Posted by: foodtalker | July 5, 2008

the egg man cometh

Growing up in the Middle East in the ’50s provided some rather different childhood memories than most.  Camels, dirt roads, curries, barasti huts, mosques, beetle nuts, the souk.  Fresh food was hard to come by, everything was frozen or canned.  Milk was made from a powder and tasted like a diluted form of Elmers Glue.  There was only one “sweet” water tap in the house.   We took salt pills daily, sweated profusely and learned to deal with the sand storms that blew in from the desert in a wall of dust that couldn’t be excluded from anywhere and even found its way between the sheets of made beds.

Apart from the usual games and habits of kids, playing marbles, riding bikes, hanging out, there were two major highlights to each week.  One was chasing the “smoke machine” which would drive around expelling dense clouds of noxious DDT spray for roaches, scorpions and such.  No one knew of the health risks back then.  It was as if the Pied Piper of Hamlin had come to town.  Kids emptied out of every home and there we were every week without fail, running around in the fog and the fumes squealing, laughing and bumping into each other.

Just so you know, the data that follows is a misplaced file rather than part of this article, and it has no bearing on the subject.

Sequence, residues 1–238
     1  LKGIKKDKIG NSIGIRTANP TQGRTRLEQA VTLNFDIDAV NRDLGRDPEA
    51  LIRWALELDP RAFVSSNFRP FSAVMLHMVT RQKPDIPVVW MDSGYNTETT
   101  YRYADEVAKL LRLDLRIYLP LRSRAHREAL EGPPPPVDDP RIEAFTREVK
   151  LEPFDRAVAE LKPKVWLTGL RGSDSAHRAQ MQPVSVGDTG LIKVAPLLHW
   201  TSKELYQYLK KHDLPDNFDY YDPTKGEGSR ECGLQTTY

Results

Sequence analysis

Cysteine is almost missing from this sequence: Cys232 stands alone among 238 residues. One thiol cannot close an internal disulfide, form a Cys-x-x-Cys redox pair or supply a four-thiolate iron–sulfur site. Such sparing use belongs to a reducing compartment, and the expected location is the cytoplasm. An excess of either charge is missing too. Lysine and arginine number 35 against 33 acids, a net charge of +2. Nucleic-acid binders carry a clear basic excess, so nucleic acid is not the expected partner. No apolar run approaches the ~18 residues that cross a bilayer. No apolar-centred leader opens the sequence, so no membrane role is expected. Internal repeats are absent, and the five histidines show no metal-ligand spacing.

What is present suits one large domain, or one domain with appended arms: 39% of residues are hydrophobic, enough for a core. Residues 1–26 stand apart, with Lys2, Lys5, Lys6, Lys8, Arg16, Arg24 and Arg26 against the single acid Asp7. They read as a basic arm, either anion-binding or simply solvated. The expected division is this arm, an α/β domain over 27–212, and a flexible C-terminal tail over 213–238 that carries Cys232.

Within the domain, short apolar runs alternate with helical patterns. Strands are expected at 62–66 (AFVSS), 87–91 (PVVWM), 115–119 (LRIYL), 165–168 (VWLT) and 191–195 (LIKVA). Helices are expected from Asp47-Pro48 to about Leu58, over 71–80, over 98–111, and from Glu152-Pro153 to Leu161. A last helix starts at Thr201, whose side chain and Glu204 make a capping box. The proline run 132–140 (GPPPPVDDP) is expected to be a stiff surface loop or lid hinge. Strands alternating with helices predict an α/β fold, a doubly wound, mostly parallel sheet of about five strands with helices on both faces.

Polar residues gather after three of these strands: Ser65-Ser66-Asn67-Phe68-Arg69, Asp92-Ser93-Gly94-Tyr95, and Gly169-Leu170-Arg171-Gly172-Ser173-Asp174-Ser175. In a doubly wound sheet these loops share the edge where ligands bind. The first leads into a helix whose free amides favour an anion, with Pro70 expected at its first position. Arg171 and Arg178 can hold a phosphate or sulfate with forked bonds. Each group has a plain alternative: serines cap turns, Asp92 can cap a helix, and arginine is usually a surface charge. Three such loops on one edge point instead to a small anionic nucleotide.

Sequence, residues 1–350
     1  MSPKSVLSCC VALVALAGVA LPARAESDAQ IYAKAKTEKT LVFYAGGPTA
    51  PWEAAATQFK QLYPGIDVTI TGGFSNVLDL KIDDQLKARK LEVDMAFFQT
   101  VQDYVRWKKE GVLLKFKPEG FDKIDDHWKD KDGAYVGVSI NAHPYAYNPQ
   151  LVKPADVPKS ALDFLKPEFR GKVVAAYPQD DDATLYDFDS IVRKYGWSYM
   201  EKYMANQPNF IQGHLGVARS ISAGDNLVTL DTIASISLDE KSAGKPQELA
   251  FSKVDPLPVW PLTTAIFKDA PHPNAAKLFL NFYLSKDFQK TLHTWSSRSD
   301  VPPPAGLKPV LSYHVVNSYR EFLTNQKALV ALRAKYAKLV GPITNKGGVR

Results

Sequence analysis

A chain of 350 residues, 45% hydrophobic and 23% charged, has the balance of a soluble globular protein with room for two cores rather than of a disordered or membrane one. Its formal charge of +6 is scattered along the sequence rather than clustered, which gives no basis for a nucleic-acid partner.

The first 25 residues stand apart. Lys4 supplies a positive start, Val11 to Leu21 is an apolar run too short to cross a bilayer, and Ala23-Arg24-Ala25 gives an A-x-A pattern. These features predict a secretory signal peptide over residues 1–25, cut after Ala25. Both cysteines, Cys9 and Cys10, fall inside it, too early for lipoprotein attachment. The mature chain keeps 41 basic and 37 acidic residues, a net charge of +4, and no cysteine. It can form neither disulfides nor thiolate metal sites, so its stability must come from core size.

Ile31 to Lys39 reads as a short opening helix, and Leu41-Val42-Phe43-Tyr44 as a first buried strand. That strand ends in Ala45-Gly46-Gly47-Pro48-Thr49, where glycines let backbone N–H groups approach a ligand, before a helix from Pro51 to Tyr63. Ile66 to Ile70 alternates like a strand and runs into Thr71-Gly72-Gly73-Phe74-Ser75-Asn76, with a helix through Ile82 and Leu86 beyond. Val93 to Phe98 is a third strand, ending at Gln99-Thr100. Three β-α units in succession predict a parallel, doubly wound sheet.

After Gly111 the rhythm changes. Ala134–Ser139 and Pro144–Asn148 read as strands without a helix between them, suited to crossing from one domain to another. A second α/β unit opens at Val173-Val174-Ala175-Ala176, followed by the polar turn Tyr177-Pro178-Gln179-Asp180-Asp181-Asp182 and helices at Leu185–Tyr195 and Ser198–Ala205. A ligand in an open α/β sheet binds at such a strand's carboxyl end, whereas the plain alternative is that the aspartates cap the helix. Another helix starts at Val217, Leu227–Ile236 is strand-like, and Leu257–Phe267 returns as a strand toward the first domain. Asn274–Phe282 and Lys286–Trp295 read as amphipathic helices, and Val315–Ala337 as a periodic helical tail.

The other significant event was the egg man’s house call.  This was never heralded or scheduled like the smoke machine.  He would just show up unceremoniously and unannounced.  A little man, an Arab, dressed in a Tide-white dishdash and white keffiyeh carrying a galvanized pail filled with eggs for sale.  There was little conversation.  None was really necessary.  Small talk would have been out of place – this was serious business.  He would be shown into the kitchen and a large pudding basin full of water would be placed on the floor.  We would gather round.  Hitching up his skirts he would hunker down and start taking eggs, one at a time, out of his pail and placing them into the bowl.  We would watch and wait holding our breath.  The air this time was not thick with smoke, but with suspense.  A moment would pass, the egg would sink, we’d let out a sigh.  Then another egg into the bowl, and again we’d hold our breath.  Each time the egg sank our sigh would be one of disappointment.  We were waiting and hoping for one to float.  We knew if it did it was rotten and a rotten egg promised many more possibilities.  It sometimes happened.

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